Teens Don't Sleep
how you can help
By Sharon Edry
So has the challenge of rousing your kids. One of the starkest shifts
between the lazy days of summer and the post-Labor Day rush is when
your children - after having slept many post-camp mornings away -
start having to make the first bell.
Many parents become frustrated as they watch their kids - especially
teens, who may no longer have a set bedtime - watch television or
surf the internet late into the evening, rather than settling down
and catching some shut-eye. A recent study, though, has found that
kids aren't necessarily being defiant by staying up till the wee hours.
Instead, they may simply be responding to biology - a factor called
a "sleep phase delay."
The National Sleep Foundation believes that the body's natural, internal
clock is geared toward later sleep and waking times in teenagers than
in adults and younger children. This may make it hard for your teen
to fall asleep before 11 p.m. and even tougher for him or her to crawl
out of bed in the morning.
Believe it or not, the ideal amount of sleep for an adolescent is
9.2 hours per night, says one of the study's authors, Prof. Amy Wolfson
at the College of the Holy Cross in Worcester, Mass. "You don't
have to be a mathematical genius to figure out that it's going to
be difficult for teens going to sleep at midnight to get up to start
school at 7 or 8 a.m.," she says. "Their bodies are calling
out for more sleep."
In addition to changing body rhythms, teens face other challenges
in trying to catch enough nightly winks. Greater academic demands,
after-school activities and employment opportunities often arise as
kids mature, says Jason Mateika, assistant professor of applied physiology
at Teachers College at Columbia University.
And a nation of sleep-deprived teens results in more than just yawning
and stretching. A number of studies show that a lack of sleep can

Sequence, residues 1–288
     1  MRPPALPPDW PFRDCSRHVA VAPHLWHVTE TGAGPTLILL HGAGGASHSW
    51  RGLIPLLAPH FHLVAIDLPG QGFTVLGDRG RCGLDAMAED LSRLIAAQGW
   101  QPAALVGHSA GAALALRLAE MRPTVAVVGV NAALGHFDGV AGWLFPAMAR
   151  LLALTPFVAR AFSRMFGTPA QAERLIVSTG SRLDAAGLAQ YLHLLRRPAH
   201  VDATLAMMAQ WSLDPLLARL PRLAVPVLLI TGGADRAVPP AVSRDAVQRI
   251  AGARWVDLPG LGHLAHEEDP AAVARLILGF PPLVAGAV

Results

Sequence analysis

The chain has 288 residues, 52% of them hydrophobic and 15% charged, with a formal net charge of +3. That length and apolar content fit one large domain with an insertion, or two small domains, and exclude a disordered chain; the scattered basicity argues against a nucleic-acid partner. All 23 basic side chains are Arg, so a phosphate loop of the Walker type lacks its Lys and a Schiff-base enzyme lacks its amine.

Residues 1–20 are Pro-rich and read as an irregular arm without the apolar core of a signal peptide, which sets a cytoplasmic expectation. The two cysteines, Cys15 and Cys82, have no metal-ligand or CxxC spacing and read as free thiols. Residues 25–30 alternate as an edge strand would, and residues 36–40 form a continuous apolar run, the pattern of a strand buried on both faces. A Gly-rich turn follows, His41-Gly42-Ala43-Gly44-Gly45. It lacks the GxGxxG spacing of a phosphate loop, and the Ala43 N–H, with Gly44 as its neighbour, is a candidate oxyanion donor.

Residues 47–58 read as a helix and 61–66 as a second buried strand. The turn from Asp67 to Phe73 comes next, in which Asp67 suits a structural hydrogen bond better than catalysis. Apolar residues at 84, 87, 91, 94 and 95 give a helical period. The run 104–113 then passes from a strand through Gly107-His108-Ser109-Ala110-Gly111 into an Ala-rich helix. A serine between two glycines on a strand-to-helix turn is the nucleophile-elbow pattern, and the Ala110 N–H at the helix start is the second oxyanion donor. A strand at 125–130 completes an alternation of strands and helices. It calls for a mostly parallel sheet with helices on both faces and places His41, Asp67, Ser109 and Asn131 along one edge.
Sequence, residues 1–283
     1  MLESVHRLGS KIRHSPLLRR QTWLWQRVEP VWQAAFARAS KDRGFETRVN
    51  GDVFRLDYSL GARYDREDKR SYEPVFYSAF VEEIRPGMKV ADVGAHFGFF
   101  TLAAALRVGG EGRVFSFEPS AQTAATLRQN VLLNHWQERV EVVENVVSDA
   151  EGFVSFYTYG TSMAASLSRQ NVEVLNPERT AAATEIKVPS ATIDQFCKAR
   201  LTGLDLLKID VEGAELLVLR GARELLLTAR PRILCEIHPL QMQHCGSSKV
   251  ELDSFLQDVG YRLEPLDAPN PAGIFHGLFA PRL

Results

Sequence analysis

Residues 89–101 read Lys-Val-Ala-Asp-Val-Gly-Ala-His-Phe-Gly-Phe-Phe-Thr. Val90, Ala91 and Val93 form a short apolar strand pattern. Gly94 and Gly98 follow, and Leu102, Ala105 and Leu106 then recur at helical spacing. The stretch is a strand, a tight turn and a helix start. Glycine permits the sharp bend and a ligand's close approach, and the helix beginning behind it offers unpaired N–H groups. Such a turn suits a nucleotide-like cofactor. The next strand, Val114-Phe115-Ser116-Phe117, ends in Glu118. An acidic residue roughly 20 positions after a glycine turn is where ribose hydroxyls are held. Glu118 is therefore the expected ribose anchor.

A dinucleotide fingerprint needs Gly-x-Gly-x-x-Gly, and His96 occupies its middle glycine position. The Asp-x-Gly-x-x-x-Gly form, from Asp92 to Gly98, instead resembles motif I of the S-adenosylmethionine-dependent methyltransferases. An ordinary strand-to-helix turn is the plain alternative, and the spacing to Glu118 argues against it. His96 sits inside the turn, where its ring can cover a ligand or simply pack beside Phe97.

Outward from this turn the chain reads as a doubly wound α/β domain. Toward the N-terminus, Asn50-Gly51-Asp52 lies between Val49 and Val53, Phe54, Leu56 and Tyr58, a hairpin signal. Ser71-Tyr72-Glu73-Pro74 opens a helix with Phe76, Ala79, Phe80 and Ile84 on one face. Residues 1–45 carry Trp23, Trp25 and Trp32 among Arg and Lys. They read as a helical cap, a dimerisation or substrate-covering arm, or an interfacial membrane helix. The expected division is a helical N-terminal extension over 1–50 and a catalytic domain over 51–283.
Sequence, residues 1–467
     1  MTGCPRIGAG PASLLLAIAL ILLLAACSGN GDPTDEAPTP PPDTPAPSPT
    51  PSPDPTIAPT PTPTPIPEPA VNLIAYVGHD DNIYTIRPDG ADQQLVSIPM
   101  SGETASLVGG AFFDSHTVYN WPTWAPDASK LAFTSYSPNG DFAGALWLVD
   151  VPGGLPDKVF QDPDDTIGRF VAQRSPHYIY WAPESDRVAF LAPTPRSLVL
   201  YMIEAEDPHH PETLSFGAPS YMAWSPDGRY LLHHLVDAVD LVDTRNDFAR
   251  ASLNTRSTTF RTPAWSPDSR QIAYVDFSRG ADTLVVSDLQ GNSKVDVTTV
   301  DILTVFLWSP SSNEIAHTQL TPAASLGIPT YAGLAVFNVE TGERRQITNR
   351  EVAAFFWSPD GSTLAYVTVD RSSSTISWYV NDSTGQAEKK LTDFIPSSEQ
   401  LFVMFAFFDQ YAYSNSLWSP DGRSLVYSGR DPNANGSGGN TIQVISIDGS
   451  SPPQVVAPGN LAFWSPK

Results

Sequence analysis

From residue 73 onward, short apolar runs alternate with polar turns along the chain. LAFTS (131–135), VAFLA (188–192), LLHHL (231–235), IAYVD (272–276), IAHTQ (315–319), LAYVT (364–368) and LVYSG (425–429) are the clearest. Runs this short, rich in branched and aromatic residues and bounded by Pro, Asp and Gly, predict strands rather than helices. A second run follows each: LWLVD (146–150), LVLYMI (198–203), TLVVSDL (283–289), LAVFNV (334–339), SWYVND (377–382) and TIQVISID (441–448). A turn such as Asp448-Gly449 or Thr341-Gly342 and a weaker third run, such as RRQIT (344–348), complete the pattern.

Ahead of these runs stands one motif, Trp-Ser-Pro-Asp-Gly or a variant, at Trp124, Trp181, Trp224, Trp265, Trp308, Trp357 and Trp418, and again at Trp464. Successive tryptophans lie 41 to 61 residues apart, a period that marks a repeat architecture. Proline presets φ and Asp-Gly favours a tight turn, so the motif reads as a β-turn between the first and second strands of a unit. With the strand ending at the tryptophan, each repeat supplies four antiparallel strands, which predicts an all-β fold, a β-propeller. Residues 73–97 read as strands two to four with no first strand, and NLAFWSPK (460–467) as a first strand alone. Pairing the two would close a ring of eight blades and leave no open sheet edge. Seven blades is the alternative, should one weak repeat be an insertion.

lead to poor performance in the classroom. Teens may also show signs
of irritability, hyperactivity, depression or aggressive behavior.
Having a "pillow talk" with your teen about good sleep "hygiene"
can help your family deal with the sleep struggle. The National Sleep
Foundation offers the following solutions:
1. Chill out before bed.
Lay off reading, studying and computer games for an hour before hitting
2. Beware of weekends.
You might think "catching up" on the weekends really works,
but studies show teens are very susceptible to changing schedules.
So try not to head to bed more than an hour later on the weekend or
wake up more than three hours later.
3. Bright lights, less
Try to avoid bright lights before bed, since they can help restart
your internal clock. And get into the sun as soon as possible after
waking up - it's better than a cup of coffee.
4. Just say no to Joe.
Speaking of coffee, caffeine can make sleep hard to come by. And remember
that tea, chocolate, and sodas also have the stimulant.
5. Head to bed at a set
It might be a long shot, but at least aiming for the same sleep time
every night - as early as your teen can fall asleep without difficulty
-- is an important part of having healthy sleep habits.
You might assume your child will shrug off the notion of sleep deprivation
-- after all, late-night studying and pulling all-nighters are part
of student lore. But having a serious conversation with your teen
about these issues is essential, says Professor Wolfson. "Let
your child know that if she doesn't get enough sleep, she's not going
to function well not only in school but in sports and other activities
as well. Sleep has to become a priority, even if child has to cut
back on something else to make that happen."
Goldman Edry is a New York City-based freelance writer who has written
for such publications as Parenting, Child and American Baby
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